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Yukon’s community nursing vacancy rate declines to 36.5 per cent

Territorial government’s recently introduced bonuses intended for recruitment and retention of nurses
The vacancy rate for community nursing has declined slightly since the Yukon government introduced a bonus package for nurses. (Dana Hatherly/Yukon News)

The Yukon’s vacancy rate in community nursing is starting to decline.

The drop comes after the territorial government introduced $6 million in bonuses for nurses employed by the government. The bonus package is intended to attract and retain nurses. The 2023-24 budget allocates $3.17 million for this initiative.

As of March 20, the community nursing vacancy rate for primary health-care nurses is 36.5 per cent, according to a March 23 email from cabinet communications.

That number is down from the fall when Health and Social Services Minister Tracy-Anne McPhee said the vacancy rate was more than 40 per cent.

In the email, Renée Francoeur, who works in cabinet communications, pointed to the international issue of a lack of health-care workers having an impact on the Yukon’s ability to recruit and keep nurses working in the territory.

“The global health human resource shortage has had impacts on the recruitment and retention efforts of health care providers here in the territory,” reads the email.

“The new package is helping to keep nurses in the territory, who may otherwise have chosen to move to other, higher-paying jurisdictions.”

Since Jan. 3, four new nurses have been hired to support rural Yukon.

“The package is also helping to increase interest in our job postings and helping to create a more enticing compensation package that we are presenting at recruitment fairs and conferences,” Francoeur said.

In an interview, Yukon NDP Leader Kate White said the vacancy rate continues to imply that folks in communities still don’t have proper access to the health care they should have.

“It means that there are not physically bodies in those positions in those communities. It means that the nurses that they do have are probably run fairly ragged and working a lot of overtime,” she said.

White noted the bonuses are well-intended, but the plan didn’t roll out as intended.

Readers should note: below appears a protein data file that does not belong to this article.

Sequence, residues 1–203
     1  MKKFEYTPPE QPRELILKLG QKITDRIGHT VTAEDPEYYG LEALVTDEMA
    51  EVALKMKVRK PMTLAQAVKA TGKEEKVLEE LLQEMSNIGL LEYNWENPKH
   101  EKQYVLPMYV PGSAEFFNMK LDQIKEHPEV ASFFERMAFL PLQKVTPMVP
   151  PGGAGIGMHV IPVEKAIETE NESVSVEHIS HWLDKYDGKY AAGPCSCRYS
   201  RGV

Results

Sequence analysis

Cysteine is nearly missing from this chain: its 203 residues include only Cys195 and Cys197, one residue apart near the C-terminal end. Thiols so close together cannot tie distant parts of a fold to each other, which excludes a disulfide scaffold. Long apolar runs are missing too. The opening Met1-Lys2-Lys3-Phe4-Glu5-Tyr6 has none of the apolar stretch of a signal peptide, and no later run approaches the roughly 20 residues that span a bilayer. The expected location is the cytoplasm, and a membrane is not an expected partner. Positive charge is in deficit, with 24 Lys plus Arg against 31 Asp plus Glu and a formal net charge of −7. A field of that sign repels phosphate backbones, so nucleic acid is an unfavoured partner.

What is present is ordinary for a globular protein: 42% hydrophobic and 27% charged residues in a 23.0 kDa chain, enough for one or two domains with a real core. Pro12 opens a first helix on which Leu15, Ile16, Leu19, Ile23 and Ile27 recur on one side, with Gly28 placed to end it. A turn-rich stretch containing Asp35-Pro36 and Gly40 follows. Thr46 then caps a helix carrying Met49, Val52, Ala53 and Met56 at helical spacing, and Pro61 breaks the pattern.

In a Feb. 15 release, the Yukon Employees’ Union, which represents nurses employed under the Yukon government, called the delay in disbursing bonus payments a potential violation of workers’ rights, noting the delay left nurses feeling frustrated and undervalued.

Yukon Party MLA for Lake Laberge and health critic Brad Cathers, cited closures and reduced services at rural health centres as symptoms of staff shortages.

“That, of course, means a significant load on those nurses that are working long hours and are trying to fill in while positions in that health centre are vacant,” he said.

Cathers said the Yukon Party has long been pushing for a refreshed human health resources strategy that has a local training component. He said the Yukon government has committed to developing a new strategy.

“It needs to be developed in partnership with local health professionals, and it needs to include both increased training and increased incentives to attract health professionals to the territory,” he said.

“It should include looking at the foreign trained health professionals — making sure that we have in place appropriate assessment, ability and bridging programs to help those who may need additional training to qualify to practise locally.”

In a March 21 email, Kate Erwin, who works in communications for the Health and Social Services department, said the bonus package for registered nurses, nurse practitioners and licensed practical nurses doing work that requires a nurse designation is intended to “help address the wage gap and help with ongoing recruitment and retention challenges we are facing to attract and retain staff to serve Yukon communities.”

According to Erwin, registered nurses or nurse practitioners will get a one-time lump-sum retention bonus of up to $15,000, licensed practical nurses will get up to $8,000, primary health-care nurses in charge working outside of Whitehorse will get up to an additional $20,000 and all primary health nurses working outside of Whitehorse will get up to an additional $10,000.

New registered nurses and nurse practitioners who take on permanent or term positions with a 12-month return of service agreement will get a $7,500 signing bonus and new licensed practical nurses who take on permanent or term positions with a 12-month return of service agreement will get a $4,500 signing bonus.

Contact Dana Hatherly at

Dana Hatherly

About the Author: Dana Hatherly

I’m the legislative reporter for the Yukon News.
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